So far, 12% of Afghanistan's 25 million people have cellphones. Coverage is generally available in all the country's 34 provinces."
The Brix concept phone designed by Seokwon Hong enables users to go from a small media player to a big screen TV.
Citing a fistful of studies that show teenagers among the most distracted and dangerous of drivers, the state of California Assembly on Monday passed a bill that would prohibit drivers under the age of 18 from using a cellphone, pager, text-messaging device or laptop while driving.
The bill, although outlawing the use of mobile devices, does not specifically address commercial systems such as OnStar, which allow drivers to communicate with operators to gain information on the mechanical condition of the car and its location.
Teenagers make up 6% of licensed drivers but 16% of auto accident fatalities.
August 28, 2007
Latest headlines from around the Web:
A stabbing incident Monday at CU Boulder was the first real test of the university's new emergency text messaging system reports The CW2.
"Junior Justin Kutner was sitting in class when his cell phone went off, letting him know he had a new test message. It read, in part, "Alert from CU PD, stabbing at UMC at 9:43. Suspect in custody." Kutner immediately told his professor and his 40 classmates what was going on.
... The text message went out about a half-hour after the incident started. University officials say they'll assess the system's performance and see what future improvements can be made.
The University launched the emergency text messaging system last week and so far only about 500 students have signed up. Campus officials say today's incident is a prime example of why everyone needs to take part.
The university also sent out an e-mail alert, about two hours after the incident."
LG Electronics signed famous British fashion designer Paul Smith to design the Crystal Edition LG-SV300S / LV3000S mobile phone. The silver colored clamshell phone features a fabric pattern decorated with crystals on the outside. Click here to view larger image
Spotted on I4U.
Three hackers named Dubbi, Ofir and Eli have claimed to have unlocked the iPhone independently in Israel.
If confirmed, this would be the fifth time that someone has unlocked the iPhone with a different method. The hackers say they made more progress in regards to the iPhone's user interface. Meanwhile, AT&T talked with Gizmodo about this unlocking efforts.
The teenage hacker who found a way to unlock the iPhone so that the device would not be restricted to use solely on AT&T Inc.'s cellular networks will be trading his reworked gadget for a new car. [via The Associated Press]
George Hotz, of Glen Rock, N.J., said he had reached the deal with CertiCell, a Louisville, Ky.-based mobile phone repair company.
Hotz posted on his blog that he traded his modified iPhone for a "sweet Nissan 350Z and (three) iPhones."
"This has been a great end to a great summer," Hotz wrote.
AT&T and Apple may face an uphill battle prosecuting hackers that untether the iPhone from the AT&T wireless network. Business Week reports.
"Much is at stake. AT&T has been hoping that as the exclusive provider of the iPhone, it will see a surge in new customers and monthly service charges of at least $60 from each one. Apple is supposed to get a cut of the revenues.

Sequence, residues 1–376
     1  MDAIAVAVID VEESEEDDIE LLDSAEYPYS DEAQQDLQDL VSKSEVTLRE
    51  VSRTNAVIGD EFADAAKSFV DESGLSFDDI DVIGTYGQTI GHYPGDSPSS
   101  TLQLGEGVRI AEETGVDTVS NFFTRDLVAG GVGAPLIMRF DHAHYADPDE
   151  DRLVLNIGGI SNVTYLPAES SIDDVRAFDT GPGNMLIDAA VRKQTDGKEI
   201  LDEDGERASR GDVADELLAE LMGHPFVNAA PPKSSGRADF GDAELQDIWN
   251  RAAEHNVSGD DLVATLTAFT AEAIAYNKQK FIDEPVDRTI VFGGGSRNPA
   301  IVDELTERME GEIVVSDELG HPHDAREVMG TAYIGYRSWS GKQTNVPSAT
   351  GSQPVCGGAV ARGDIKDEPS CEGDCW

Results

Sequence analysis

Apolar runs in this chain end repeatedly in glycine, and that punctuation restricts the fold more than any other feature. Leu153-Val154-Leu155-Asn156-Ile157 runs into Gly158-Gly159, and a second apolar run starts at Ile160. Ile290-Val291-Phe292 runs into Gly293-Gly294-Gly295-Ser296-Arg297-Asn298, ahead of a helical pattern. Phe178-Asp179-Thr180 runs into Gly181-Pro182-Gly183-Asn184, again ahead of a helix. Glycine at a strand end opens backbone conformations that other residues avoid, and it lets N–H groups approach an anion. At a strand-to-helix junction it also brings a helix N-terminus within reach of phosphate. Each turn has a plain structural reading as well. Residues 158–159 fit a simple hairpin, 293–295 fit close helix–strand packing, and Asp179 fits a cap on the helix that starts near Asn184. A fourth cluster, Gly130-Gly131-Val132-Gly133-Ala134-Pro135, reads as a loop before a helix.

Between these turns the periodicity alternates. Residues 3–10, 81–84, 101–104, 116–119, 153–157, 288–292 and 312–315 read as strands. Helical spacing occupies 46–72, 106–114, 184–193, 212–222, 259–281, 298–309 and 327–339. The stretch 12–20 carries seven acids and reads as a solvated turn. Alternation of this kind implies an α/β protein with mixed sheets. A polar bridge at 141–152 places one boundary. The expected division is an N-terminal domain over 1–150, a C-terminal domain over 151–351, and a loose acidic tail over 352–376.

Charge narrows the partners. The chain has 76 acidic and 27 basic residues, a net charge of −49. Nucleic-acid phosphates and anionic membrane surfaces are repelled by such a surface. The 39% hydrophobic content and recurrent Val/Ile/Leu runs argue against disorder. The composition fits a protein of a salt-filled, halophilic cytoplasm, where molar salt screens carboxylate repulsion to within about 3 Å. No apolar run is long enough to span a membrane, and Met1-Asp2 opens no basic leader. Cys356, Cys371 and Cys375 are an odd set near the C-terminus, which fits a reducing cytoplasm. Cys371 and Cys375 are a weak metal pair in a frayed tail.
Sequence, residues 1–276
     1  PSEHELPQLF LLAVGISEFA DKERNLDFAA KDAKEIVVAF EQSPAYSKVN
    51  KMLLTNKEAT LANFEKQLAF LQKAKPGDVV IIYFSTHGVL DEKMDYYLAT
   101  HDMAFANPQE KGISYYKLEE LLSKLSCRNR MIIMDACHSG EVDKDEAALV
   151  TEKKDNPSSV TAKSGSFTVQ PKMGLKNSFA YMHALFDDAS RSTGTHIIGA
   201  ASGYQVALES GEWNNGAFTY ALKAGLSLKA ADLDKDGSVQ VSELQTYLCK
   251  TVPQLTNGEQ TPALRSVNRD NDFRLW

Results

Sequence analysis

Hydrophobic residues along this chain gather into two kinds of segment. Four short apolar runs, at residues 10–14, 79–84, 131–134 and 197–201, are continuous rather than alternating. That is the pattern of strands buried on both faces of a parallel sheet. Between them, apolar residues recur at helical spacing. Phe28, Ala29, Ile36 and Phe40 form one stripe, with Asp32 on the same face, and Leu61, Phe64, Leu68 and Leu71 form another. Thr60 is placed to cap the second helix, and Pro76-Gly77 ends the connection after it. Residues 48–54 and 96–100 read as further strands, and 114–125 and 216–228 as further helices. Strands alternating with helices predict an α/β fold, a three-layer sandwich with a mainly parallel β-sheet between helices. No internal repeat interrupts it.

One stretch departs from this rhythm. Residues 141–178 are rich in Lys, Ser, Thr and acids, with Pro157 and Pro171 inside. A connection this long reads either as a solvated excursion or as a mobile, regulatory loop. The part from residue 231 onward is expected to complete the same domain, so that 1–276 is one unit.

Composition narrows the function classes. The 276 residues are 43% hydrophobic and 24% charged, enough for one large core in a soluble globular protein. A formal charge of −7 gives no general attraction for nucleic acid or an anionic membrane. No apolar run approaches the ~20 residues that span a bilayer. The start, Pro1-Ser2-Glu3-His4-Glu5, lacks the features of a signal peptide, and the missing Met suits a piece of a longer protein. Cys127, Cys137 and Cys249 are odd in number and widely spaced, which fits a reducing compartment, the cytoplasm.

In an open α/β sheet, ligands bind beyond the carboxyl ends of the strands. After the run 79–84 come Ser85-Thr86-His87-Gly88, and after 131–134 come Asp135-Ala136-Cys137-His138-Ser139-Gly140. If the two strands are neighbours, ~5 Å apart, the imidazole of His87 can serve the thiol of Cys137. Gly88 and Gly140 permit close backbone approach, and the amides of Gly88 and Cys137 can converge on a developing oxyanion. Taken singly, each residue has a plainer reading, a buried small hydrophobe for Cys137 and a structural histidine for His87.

If iPhones are unlocked, they can be used on the wireless networks of rivals like T-Mobile USA—and AT&T gets zippo.
So will Apple and AT&T's legal action deter hackers? Hardly. Individual users are already allowed to unlock their own phones under an exemption to the Digital Millennium Copyright Act (DMCA) that the U.S. Copyright Office issued last November. The exemption, in force for three years, applies to "computer programs…that enable wireless telephone handsets to connect to a wireless telephone communication network, when circumvention is accomplished for the sole purpose of lawfully connecting to a wireless telephone communication network."
What's less clear is whether companies and hackers can legally unlock the phones and then sell them to others, or sell unlocking software. "The law here is unclear," says Jonathan Kramer, founder of Kramer Telecom Law Firm in Los Angeles. "There just isn't any case law in this area for us to figure out how it plays out."
August 27, 2007
This is devious. A phone that looks like a normal phone but actually spies on people in the room. [via productdose]
The Telespy is a motion detector that senses when someone enters your home then calls you to allow you to listen to what is going on while you're out of the house.
Current estimates reportedly suggest that "nearly 84-percent of the US population will have mobile phones by the end of 2007," and according to SNL Kagen, that figure should shoot to 100-percent in just six years.
... 100-percent penetration does not mean that every single American will own a phone, as it's estimated that some 18 to 20-percent of us will be using multiple mobiles."
[via Engadget Mobile]
The new version of Yahoo Mail comes out of beta on Monday, and it sports some spiffy new features, like the ability to send text messages to a cell phone--the first free Web-based mail provider to offer that function.
The feature will be
"This week, Nokia will revive N-Gage: The service will offer games from major publishers like Electronic Arts, as well as smaller developers like Digital Chocolate that focus on the mobile gaming market."
According to the WSJ, Nokia said it will start preloading Microsoft Internet applications onto handsets in 11 countries, as part of its plan to boost revenue by offering Web services.
The applications are Windows Live Hotmail, Messenger, Live Contacts and Live Spaces software for Nokia devices.
The mobile Internet applications will be available for download today to owners of five of its multimedia phones."